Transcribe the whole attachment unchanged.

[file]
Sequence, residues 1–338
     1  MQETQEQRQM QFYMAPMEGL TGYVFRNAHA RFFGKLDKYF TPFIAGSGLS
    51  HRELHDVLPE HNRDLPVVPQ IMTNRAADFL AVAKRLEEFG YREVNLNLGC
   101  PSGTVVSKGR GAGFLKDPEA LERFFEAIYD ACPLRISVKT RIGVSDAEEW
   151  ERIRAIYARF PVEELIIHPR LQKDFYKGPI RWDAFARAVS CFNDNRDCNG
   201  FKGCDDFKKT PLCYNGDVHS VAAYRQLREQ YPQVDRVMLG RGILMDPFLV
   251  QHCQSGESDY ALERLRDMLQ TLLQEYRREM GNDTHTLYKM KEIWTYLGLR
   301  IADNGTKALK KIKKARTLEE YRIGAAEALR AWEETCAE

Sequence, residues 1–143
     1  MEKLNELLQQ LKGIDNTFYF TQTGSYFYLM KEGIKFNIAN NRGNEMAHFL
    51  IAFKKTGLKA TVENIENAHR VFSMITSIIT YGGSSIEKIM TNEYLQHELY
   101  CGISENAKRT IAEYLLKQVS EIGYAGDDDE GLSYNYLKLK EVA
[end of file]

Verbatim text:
Sequence, residues 1–338
     1  MQETQEQRQM QFYMAPMEGL TGYVFRNAHA RFFGKLDKYF TPFIAGSGLS
    51  HRELHDVLPE HNRDLPVVPQ IMTNRAADFL AVAKRLEEFG YREVNLNLGC
   101  PSGTVVSKGR GAGFLKDPEA LERFFEAIYD ACPLRISVKT RIGVSDAEEW
   151  ERIRAIYARF PVEELIIHPR LQKDFYKGPI RWDAFARAVS CFNDNRDCNG
   201  FKGCDDFKKT PLCYNGDVHS VAAYRQLREQ YPQVDRVMLG RGILMDPFLV
   251  QHCQSGESDY ALERLRDMLQ TLLQEYRREM GNDTHTLYKM KEIWTYLGLR
   301  IADNGTKALK KIKKARTLEE YRIGAAEALR AWEETCAE

Sequence, residues 1–143
     1  MEKLNELLQQ LKGIDNTFYF TQTGSYFYLM KEGIKFNIAN NRGNEMAHFL
    51  IAFKKTGLKA TVENIENAHR VFSMITSIIT YGGSSIEKIM TNEYLQHELY
   101  CGISENAKRT IAEYLLKQVS EIGYAGDDDE GLSYNYLKLK EVA